Negroes in the American Revolution, No. 2, 1961
SHIRLEY GRAHAM DU BOIS
Shirley Graham Du Bois remembered that as a child she read, with others, the Declaration of Independence and never forgot "that all men are created equal and endowed with certain inalienable rights." She became a lifelong student of American history.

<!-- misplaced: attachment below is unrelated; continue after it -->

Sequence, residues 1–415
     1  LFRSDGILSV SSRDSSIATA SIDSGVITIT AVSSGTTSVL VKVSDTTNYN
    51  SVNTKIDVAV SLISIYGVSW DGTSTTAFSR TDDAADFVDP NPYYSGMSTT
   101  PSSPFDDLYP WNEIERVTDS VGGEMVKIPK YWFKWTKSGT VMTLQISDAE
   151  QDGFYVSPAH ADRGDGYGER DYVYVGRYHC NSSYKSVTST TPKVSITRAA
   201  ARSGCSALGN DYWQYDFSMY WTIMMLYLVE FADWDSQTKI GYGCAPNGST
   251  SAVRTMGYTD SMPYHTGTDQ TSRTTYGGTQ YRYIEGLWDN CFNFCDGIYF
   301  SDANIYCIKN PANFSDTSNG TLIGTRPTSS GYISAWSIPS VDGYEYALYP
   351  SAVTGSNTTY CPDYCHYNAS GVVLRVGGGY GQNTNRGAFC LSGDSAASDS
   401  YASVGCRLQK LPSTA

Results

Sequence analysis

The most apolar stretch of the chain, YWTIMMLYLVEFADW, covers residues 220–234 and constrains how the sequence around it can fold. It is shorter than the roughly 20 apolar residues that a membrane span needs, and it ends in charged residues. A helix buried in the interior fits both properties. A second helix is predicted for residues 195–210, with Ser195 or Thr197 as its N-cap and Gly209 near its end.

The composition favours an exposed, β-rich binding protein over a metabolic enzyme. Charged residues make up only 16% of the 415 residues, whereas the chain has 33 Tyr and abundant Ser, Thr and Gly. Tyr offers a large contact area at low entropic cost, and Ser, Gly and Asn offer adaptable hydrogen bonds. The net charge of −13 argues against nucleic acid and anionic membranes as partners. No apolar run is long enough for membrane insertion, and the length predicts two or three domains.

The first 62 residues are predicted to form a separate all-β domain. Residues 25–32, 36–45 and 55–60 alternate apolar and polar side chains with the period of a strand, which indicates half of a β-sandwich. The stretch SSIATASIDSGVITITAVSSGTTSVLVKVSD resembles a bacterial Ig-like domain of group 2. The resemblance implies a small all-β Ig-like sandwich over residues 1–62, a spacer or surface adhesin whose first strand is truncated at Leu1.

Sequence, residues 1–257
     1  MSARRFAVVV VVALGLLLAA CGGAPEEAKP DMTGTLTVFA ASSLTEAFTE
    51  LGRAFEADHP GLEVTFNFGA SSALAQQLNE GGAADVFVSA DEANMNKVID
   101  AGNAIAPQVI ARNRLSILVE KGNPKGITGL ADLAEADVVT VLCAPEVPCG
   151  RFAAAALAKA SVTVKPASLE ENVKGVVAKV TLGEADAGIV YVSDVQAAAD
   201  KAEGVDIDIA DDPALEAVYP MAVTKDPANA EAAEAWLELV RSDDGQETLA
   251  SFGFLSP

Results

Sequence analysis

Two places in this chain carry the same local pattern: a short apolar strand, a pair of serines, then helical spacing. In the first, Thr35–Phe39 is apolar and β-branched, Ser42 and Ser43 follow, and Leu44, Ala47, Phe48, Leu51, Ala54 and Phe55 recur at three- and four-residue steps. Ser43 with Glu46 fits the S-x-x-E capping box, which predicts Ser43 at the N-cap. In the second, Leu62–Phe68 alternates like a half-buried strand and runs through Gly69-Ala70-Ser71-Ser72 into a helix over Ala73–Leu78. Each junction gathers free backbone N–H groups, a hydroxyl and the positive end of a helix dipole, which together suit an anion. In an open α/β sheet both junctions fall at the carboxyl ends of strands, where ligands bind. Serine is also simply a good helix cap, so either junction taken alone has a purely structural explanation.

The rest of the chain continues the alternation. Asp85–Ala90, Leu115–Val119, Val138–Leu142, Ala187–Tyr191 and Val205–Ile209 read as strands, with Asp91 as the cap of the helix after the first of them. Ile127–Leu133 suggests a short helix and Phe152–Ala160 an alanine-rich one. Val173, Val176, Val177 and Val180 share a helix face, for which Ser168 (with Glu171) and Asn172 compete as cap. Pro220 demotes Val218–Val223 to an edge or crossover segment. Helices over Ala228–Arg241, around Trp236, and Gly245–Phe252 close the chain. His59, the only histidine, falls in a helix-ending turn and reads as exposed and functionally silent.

Beginning in 1771 and for two decades thereafter, the Fifth of March was commemorated as Independence Day in America. Not until after all states had ratified the Constitution and the Union was firmly established was the Fourth of July substituted for general celebration. Even then, particularly in New England, the Fifth of March continued to be a day of oratory recalling the beginning of the struggle for Independence. Because on March 5, 1770, occurred the Boston Massacre, designated [by] Daniel Webster as: "From that moment we may date the severance of the British Empire." And in oration, poetry and song the name Crispus Attucks, a Negro, was hailed as the first to die for American independence. Schoolboys recited the verse carved as inscription on the monument to the four victims: